Increased psychiatric morbidity before and after the diagnosis of hypothyroidism: A nationwide register study

Marianne Thvilum, Frans Brandt, Dorthe Almind Pedersen, Kaare Christensen, Thomas Heiberg Brix, Laszlo Hegedus

Research output: Contribution to journalJournal articleResearchpeer-review

Abstract

Background: Thyroid hormones are necessary for fetal brain development, and hypothyroidism in adults has been associated with mood symptoms and reduced quality of life. Nevertheless, our knowledge regarding the association and temporal relation between hypothyroidism and mental disorders is ambiguous. Our objective was to investigate, at a nationwide level, whether a diagnosis of hypothyroidism is associated with psychiatric morbidity. Methods: This is an observational cohort study. On the basis of record linkage between different Danish health registers, 2822 hypothyroid singletons each matched with 4 nonhypothyroid controls were identified and followed over a mean period of 6 years (range 1-13). Additionally, we included 385 same-sex twin pairs discordant for hypothyroidism. Diagnoses of psychiatric disorders as well as treatment with antidepressants, antipsychotics, and anxiolytics were recorded. Logistic and cox regression models were used to assess the risk of psychiatric morbidity before and after the diagnosis of hypothyroidism, respectively. Results: Before the diagnosis of hypothyroidism, such individuals had an increased prevalence of diagnoses with psychiatric disorders (odds ratio, OR, 1.51; 95% confidence interval [CI 1.12-2.04]) and increased prevalence of treatment with antipsychotics (OR 1.49 [CI 1.29-1.73]), antidepressants (OR 1.50 [CI 1.35-1.67]), and anxiolytics (OR 1.28 [CI 1.16-1.41]). After the diagnosis of hypothyroidism, patients had a higher risk of being diagnosed with a psychiatric disorder (hazard ratio, HR, 2.40 [CI 1.81-3.18]), and an increased risk of being treated with antidepressants (HR 1.30 [CI 1.15-1.47]) and anxiolytics (HR 1.27 [CI 1.10-1.47]), but not antipsychotics (HR 1.13 [CI 0.91-1.41]). On the basis of the twin data, we could not demonstrate genetic confounding. Conclusions: Subjects with hypothyroidism have an increased risk of being diagnosed with a psychiatric disorder as well as being treated with antidepressants, antipsychotics, and anxiolytics both before and after the diagnosis of hypothyroidism.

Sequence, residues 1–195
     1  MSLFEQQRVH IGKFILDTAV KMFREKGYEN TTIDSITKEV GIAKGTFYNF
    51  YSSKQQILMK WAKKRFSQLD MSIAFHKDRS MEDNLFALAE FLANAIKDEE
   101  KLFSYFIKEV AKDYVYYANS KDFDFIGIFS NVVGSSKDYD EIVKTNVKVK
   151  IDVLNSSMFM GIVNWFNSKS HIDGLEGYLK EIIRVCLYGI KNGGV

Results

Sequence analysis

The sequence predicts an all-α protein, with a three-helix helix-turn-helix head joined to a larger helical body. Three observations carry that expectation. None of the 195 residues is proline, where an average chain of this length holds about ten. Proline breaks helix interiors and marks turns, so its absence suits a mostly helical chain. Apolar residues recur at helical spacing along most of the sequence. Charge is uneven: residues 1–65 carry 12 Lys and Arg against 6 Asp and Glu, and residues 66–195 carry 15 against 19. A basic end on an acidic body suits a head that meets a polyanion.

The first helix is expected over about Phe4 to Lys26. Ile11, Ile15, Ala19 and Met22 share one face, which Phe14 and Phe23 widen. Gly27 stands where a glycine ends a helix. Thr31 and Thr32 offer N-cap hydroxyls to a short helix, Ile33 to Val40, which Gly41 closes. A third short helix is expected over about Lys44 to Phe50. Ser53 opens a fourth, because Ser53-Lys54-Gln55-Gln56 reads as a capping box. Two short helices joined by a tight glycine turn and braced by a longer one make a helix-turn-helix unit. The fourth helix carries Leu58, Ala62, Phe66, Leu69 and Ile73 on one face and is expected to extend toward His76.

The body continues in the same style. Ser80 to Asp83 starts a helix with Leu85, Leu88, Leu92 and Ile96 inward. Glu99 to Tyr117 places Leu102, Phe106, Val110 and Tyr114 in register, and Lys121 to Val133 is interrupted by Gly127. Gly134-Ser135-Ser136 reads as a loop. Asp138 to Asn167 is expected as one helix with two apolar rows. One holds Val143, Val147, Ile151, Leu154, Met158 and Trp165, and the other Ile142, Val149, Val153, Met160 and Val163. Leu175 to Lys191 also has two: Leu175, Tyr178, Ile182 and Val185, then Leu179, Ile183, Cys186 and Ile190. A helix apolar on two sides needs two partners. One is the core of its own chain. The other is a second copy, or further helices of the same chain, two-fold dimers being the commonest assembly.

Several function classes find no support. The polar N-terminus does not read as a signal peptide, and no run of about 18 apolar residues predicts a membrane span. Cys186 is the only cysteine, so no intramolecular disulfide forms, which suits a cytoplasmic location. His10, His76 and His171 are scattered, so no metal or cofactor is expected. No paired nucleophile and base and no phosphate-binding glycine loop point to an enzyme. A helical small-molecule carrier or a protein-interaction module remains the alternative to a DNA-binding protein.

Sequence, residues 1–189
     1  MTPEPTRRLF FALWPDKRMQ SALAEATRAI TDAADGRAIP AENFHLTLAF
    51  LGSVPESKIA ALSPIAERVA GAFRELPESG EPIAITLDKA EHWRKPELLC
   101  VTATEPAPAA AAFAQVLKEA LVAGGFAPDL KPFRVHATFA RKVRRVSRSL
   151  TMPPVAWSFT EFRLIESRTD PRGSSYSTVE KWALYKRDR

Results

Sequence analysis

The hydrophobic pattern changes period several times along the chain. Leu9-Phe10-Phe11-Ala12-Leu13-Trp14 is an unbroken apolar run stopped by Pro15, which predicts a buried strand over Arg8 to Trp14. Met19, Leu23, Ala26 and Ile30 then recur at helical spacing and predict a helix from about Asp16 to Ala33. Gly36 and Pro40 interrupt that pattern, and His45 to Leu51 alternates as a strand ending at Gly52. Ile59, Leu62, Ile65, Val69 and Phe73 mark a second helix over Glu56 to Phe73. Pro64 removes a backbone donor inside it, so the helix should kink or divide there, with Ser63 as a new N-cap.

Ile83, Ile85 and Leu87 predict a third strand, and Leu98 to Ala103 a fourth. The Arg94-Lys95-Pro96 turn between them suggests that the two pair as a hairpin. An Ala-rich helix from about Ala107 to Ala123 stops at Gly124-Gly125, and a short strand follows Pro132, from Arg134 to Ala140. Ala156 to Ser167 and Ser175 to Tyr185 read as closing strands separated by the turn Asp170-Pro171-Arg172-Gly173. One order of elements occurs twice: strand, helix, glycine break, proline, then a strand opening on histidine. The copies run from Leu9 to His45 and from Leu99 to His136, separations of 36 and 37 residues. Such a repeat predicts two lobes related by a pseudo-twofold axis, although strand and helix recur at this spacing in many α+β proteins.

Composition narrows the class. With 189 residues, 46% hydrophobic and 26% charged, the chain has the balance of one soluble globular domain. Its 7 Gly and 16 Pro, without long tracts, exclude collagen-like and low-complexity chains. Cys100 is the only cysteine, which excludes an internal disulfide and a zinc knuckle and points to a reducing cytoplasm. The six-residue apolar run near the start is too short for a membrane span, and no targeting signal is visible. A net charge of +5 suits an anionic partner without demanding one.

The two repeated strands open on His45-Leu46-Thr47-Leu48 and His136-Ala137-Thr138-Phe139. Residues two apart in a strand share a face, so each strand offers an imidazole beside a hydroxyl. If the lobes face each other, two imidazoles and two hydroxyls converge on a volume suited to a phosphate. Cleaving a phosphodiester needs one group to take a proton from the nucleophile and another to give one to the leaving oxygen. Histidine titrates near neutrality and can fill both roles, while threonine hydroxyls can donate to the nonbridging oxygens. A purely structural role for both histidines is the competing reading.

Original languageEnglish
JournalThyroid
Volume24
Issue number5
Pages (from-to)802-808
ISSN1050-7256
DOIs
Publication statusPublished - May 2014

Keywords

  • Adolescent
  • Adult
  • Aged
  • Aged, 80 and over
  • Anti-Anxiety Agents/therapeutic use
  • Antidepressive Agents/therapeutic use
  • Antipsychotic Agents/therapeutic use
  • Cohort Studies
  • Comorbidity
  • Denmark/epidemiology
  • Drug Prescriptions
  • Female
  • Follow-Up Studies
  • Humans
  • Hypothyroidism/epidemiology
  • International Classification of Diseases
  • Male
  • Medical Record Linkage
  • Mental Disorders/drug therapy
  • Middle Aged
  • Prevalence
  • Proportional Hazards Models
  • Registries
  • Risk
  • Young Adult

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